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  • Paired Reads Mapping Across Chromosomes

    Hello all,

    I have some Illumina HiSeq paired end whole genome human data that has 2 - 3% of paired end reads where the two ends are mapping to different chromosomes. I'm using bwa with mostly default parameters, such as
    Code:
    bwa aln -t 16 -q 10 reference.fa r1.fastq > r1.sai
    ...
    bwa sampe reference.fa r1.sai r2.sai r1.fastq r2.fastq > r1.sam
    I also tried mapping some of the cross-chromosomal reads with bowtie as single ends and it placed them in the same location.

    The reads map uniquely with high quality (eg. 37 on phred scale) and seem to occur randomly with an even distribution across chromosomes. Bwa reports X0=1 and X1=0, indicating that there are no alternative mappings for the two ends (and even when I add flags to allow more edit distance and gap opens it still doesn't find any). The cross-chromosomal read pairs always seem to be single cases at a location which makes me think it can't be a biological effect.

    I'm wondering if anybody knows an explanation for these kind of reads and what the best way to treat them is?

    Many thanks!

    Simon

  • #2
    what about the other reads in the same regions? are they mapped specifically or do they have alternative locations?

    what is library? if its pcr derived that may be an issue.

    Comment


    • #3
      Hi,

      What about the other reads in the same regions?
      The other reads look fine; they're all mapped normally. Even the cross-chromosomal reads seem to be mapped well (as in, specifically and without mismatches, mostly). Even when there is a SNP through the normal reads it often is reflected in a read that has its pair on another chromosome while the other reads have normal pairs. So to me it seems like the reads are good but there is some sort of mixup in the pairing, but I don't know how it would happen.

      what is library? if its pcr derived that may be an issue
      There definitely was PCR in the prep, and we got varying rates of duplicates (there were multiple runs, they varied b/w 10 - 50% duplicate rate). Is it possible that PCR can mix up the ends of two reads? (Sorry, I don't know much about the biology side of this, I'm coming from a comp-sci background!).

      One theory we had was about whether it could be from the optics ... if the imaging could somehow confuse the ends of two molecules if they are close enough together?

      Cheers & Thanks!

      Simon

      Comment


      • #4
        i think illumina have done a pretty good job of reducing mix up of paired ends. i dont think we ever see any evidence of it. i would not expect any sequencing errors to be around 2-3% of reads.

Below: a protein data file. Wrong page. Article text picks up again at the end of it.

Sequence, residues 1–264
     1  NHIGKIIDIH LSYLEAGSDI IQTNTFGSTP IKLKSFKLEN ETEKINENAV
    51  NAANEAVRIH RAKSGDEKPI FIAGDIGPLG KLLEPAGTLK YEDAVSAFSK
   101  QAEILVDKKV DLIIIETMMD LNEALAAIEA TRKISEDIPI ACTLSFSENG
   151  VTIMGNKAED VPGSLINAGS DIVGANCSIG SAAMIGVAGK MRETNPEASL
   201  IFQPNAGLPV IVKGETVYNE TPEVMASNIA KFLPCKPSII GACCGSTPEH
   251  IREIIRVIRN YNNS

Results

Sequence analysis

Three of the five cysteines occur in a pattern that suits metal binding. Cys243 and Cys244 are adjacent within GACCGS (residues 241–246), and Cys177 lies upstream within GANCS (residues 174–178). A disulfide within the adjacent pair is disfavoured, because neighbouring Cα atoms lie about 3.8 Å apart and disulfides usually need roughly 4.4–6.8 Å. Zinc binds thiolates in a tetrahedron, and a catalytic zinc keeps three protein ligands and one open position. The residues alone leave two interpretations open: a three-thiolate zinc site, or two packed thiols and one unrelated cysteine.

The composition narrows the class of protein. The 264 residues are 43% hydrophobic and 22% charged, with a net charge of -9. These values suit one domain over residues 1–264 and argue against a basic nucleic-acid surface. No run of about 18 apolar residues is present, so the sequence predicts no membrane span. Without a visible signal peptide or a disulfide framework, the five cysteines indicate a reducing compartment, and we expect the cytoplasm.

we have seen evidence of libraries made using long pcr having reads and read-pairs that jump from regions close to primer binding sites to other regions.

        Comment


        • #5
          Just wondering if you found out anything more about this issue as the data I am currently working on is giving the same result following BWA assembly.

          Thanks

          Comment


          • #6
            Hi flipwell,

            In the end some more experienced people informed us that this can occur as a natural result of the library prep process. I am fuzzy on the details, but at a high level, I think some fragments only get adapters on one end and then if those join together you can get what looks like a paired end fragment with adapters on each end that is actually a combination of two fragments from completely different genomic locations. I'm sure somebody more knowledgable around here could give a much more correct explanation.

            Cheers,

            Simon

            Comment


            • #7
              yes i would agree with the above post --and modify my previous post. we do seem to see a lot of chimeric reads and i expect most of them are chimeras from library prep. we see very variable distribution of the abundance of these reads between samples as well. some have almost none and others appear chock full but they always appear in the same clusters when mapped and at equal frequency in each orientation across "breakpoints". e.g. for ABCDE we get equal frequency of AD as DA.

              if anyone has any further information on the formation or identification of chimeric reads i'd really appreciate it as i still cling to the hope there is some biology in there.

              Comment

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